From £98,9608
Lexus’s sporting GT continues to mature gracefully with help from an exclusive styling pack

What is it?

Comfortably the most exciting new car to wear the Lexus badge, now that the V10-powered LFA has gone into retirement, the flagship Lexus LC coupé is also currently one of just two choices when it comes to naturally aspirated V8 engines here in the UK.

This limited-run special edition stands out even more than the standard car thanks to an exclusive dark green paint colour (Lexus calls it Terrane Khaki) and two-tone 21in alloy wheels. The interior also gets a full retrim in tan leather and Alcantara to add a more luxurious feel.

The chassis and powertrain remain untouched, with a free-breathing 5.0-litre V8 sending 467bhp exclusively to the rear wheels via a 10-speed torque-converter automatic transmission. Suspension continues to be by steel springs with adaptive dampers.

Straddling the line between fully fledged sports car and luxury grand tourer, the four-seat LC 500 competes with the Porsche 911 at one end and the BMW M850i at the other.

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What's it like?

The LC is still the same intriguing dichotomy of concept car styling and old-world engineering, the V8 hidden behind an oversized grille and sharp lines that flow into wide arches and dramatic infinite-mirror tail-lights at the rear.

It’s a similar mix of old and new inside the cabin, with a digital instrument cluster borrowed from the LFA and colour heads-up display flanked by an abundance of physical buttons and switches. It’s signature Lexus but feels a little out of kilter with the expansive touchscreens found in rival cars. The sensitive touchpad controller and busy infotainment system make for a combination that’s difficult to use while on the move.

On the road, you get the sense that you're driving the last of a breed, with pace that isn’t explosively quick, because peak torque doesn’t arrive until you’re deep in the rev range and peak power isn’t delivered until you’re near the howling 7300rpm redline. But that just means more opportunity to appreciate the alluring engine note before reaching speeds that would put your licence at risk.

The automatic gearbox can get a little lost in its upper ratios when left to make its own decisions, so it's better to treat it as a six- or seven-speed ’box and use the paddle shifters or switch from Normal to Sport+, where those final few cogs aren’t used. It responds quickly enough to up- and downshifts although it is not as rapid-fire as a Porsche PDK dual-clutch gearbox. This is an area Lexus aims to address with a 2021-model-year update, due later this year, when it will revise the ratios and shift points to improve day-to-day driving.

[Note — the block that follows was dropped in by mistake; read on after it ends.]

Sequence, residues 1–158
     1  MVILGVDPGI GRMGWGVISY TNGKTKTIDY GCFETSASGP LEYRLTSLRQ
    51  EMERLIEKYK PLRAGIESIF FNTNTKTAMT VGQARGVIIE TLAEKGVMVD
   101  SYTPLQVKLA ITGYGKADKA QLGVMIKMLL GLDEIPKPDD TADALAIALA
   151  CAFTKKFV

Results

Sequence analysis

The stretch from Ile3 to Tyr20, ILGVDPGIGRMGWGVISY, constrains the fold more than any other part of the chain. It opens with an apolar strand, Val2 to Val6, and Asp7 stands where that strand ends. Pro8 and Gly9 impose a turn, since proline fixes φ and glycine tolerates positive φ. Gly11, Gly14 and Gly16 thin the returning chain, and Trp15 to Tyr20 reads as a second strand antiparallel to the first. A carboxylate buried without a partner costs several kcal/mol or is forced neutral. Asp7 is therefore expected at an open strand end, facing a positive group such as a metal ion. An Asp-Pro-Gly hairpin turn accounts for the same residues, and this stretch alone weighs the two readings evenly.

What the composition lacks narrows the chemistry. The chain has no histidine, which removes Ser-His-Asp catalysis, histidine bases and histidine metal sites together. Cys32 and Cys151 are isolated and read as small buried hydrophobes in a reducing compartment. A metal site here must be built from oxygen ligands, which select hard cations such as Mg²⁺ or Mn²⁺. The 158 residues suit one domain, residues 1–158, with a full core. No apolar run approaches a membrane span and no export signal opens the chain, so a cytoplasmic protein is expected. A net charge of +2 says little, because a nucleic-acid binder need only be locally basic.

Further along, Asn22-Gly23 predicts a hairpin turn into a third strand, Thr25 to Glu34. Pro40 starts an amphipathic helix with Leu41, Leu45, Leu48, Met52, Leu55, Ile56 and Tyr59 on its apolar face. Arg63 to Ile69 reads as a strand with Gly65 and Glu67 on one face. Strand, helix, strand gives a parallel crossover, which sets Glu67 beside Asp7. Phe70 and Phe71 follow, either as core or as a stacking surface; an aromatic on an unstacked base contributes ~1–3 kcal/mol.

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The one reason to be grateful for the abundance of gear ratios is its ability to nudge over 30mpg on a motorway cruise, although the 21in wheels and run-flat tyres detract from the grand touring brief with a firm ride and more road noise than you’d expect from a luxury car. The fidgety suspension struggles over poor road surfaces, and while Comfort mode can mitigate it to a degree, it isn’t enough to match the best GTs over long distances.

And yet on more interesting roads, the LC reveals itself as an agile and well-balanced sports car that can entertain with its handling prowess. Without an abundance of torque, the rear end isn’t constantly trying to step out of line, although it can be coaxed under power in the sportier driving modes, and the variable-ratio steering and four-wheel steering system don’t blunt the feeling of control. Despite its considerable weight, the car is easily placed through faster-flowing corners and feels almost as dynamic as some mid-engined rivals.

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Should I buy one?

With the list of naturally aspirated V8s on sale in Britain now so limited, the LC 500’s choice of powertrain remains one of the key reasons to consider the car. 

Dynamically, it may fall into a middle ground between true sports cars and grand tourers, but few can match the combination of concept car styling and that charismatic eight-cylinder howl.

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That may change with the UK arrival of the mid-engined C8 Chevrolet Corvette next year, and there are more well-rounded rivals with fewer cylinders or turbochargers that would be easier to live with every day, but neither fact does anything to diminish the LC’s sense of occasion.

Lexus LC 500 Special Edition specification

Where Surrey, UK Price £90,385 On sale Now Engine V8, 4969cc, petrol Power 467bhp at 7100rpm Torque 389lb ft at 4800rpm Gearbox 10-spd automatic Kerb weight 1935kg Top speed 168mph 0-62mph 4.7sec Fuel economy 24.3mpg CO2 262g/km, 37% Rivals Porsche 911, BMW 8 Series

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Join the debate

Add a comment…
Peter Cavellini 20 June 2020


 America, there the brand is still big, a must have after a Mercedes.

brauhut 20 June 2020


Looking at other "nicer" Asian cars, its takes one "Achoo" and the depreciation is up and running :-) 

dougflump 20 June 2020


A pal and I drove one for the day, lovely car to drive, smooth slick steering, great sounds, hugely enjoyable, BMW owing pal really wanted to buy it ..but just out of his budget!